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At the moment, oral macrolides continue to be the best option for an anti-inflammatory treatment. Various other drug-based treatments, including the use of mucolytics to break up thick, viscous sputum and the use of osmotic agents to keep airways moist, are well established in CF treatment protocols, but research continues in order to refine and improve on these approaches as well.
A novel therapeutic method being tried for CF is "the modulation of non-CFTR ion channels in epithelial cells." (Jones & Helm, 2009). The drug Lancovutide (Milil901, duramycin) "activates an alternative chloride channel in epithelial cells by elevating intracellular calcium levels, and thus, may potentially compensate for CFTR deficiency in the airway epithelium." (Jones & Helm, 2009). These agents have reached the clinical trial stage, and, if successful, will be able to offer a new category of treatment option for CF patients.
Gene therapies, which seek to correct "the underlying gene effect, either by agents that help to correct the dysfunctional CFTR . . . Or by gene transfer" (Jones & Helm, 2009), are particularly promising. The gene defect that causes CF was first identified in 1989, and since then researchers have explored treatments that would replace the patient's defective CFTR with "wild-type" CFTR (Jones & Helm, 2009).
For example Zhang, et al. have focused on the development of gene transfer strategies using epithelial cells. They used "an in vitro model of human CF ciliated surface airway epithelium…to test whether a human parainfluenza virus vector engineered to express CFTR could deliver sufficient CFTR…to restore mucus transport, thus correcting the CF phenotype." (Zhang, et al., 2008). The team was able to determine that normal mucus transport rates were restored after "CFTR delivery to 25% of surface epithelial cells." (Zhang, et al., 2008). Additional study will help develop this corrective gene transfer approach and determine how best to use the technique and how far it can go towards restoring normal mucus transport function in CF patients.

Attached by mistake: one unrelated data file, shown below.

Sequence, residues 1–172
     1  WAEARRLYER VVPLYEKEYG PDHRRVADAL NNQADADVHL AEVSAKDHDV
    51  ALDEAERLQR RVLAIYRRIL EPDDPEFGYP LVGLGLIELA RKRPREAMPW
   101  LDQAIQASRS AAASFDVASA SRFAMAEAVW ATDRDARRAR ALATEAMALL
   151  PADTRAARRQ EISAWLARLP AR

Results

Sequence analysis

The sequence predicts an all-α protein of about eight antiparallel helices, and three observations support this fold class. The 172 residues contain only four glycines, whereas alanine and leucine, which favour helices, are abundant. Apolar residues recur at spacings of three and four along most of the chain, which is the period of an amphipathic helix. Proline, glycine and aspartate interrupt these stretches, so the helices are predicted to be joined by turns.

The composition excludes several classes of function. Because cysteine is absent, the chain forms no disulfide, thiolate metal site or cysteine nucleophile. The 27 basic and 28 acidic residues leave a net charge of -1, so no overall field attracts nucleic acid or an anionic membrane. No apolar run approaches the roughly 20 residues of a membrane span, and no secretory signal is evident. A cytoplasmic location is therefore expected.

One factor contributing to the advancement of research to treat CF is the availability of stem cells for experimental use. Recently, two new human embryonic stem cells lines have been produced affected by CF. (Deleu et al., 2009) This new source of "feeder cells" offers researchers ease and availability of a medium for continued research studies in the laboratory prior to clinical trials. Namely, "[t]hese new genetic cell lines represent an important in-vitro tool to study the physiological processes underlying this genetic disease, drug screening, and tissue engineering." (Deleu et al., 2009). Especially with a disease such as CF, where the patient population is made of up a majority of minor children, having stem cells as an option can help advance trials further than was possible in the past, without any of the ethical concerns involved with using children as live trial subjects, until various treatment approaches are well advanced in the study cycle.
In summary, various drug-based treatments have become standard for CF, and continue to contribute to improved care and health status for these patients, with improvements in administration method (e.g., dry inhalers) continuing to increase efficacy of known treatments. Meanwhile, the potential for significant leaps forward in treatment of the disease are presented by new gene therapies -- supported by the greater availability of stem cell-based research techniques. With this focus on CF from multiple fronts and using multiple modalities, we can hope that the advancements of the last 50 years, which extended the lifespan of CF patients into adulthood, can be repeated, offering CF patients of the future the opportunity to experience a full life span into old age.
Cystic Fibrosis Foundation (n.d.). Retrieved 15 April 2010 from the Cystic Fibrosis Foundation website, http://www.cff.org/
Deleu, S. et al., (2009). Human cystic fibrosis embryonic stem cell lines derived on placental mesenchyman stromal cells. Reproductive BioMedicine Online, 18(5), pp. 704-716.
Jones, A.M. & Helm, J.M. (2009). Emerging Treatments in Cystic Fibrosis. Drugs 69 (14), pp. 1903-1910.
Kids Health (n.d.). What is Cystic Fibrosis, Retrieved 15 April 2010 from the Kids Health website http://kidshealth.org/parent/medical/lungs/cf.html
Seattle Children's Hospital (n.d.). Advancing Cystic Fibrosis Care, Retrieved 15 April 2010 from the Seattle Children's Hospital website http://www.seattlechildrens.org/about/stories/forward-thinking/
Zhang, L. et al. CFTR Delivery to 25% of Surface Epithelial Cells Restores Normal Rates of Mucus Transport to Human Cystic Fibrosis…[continue]
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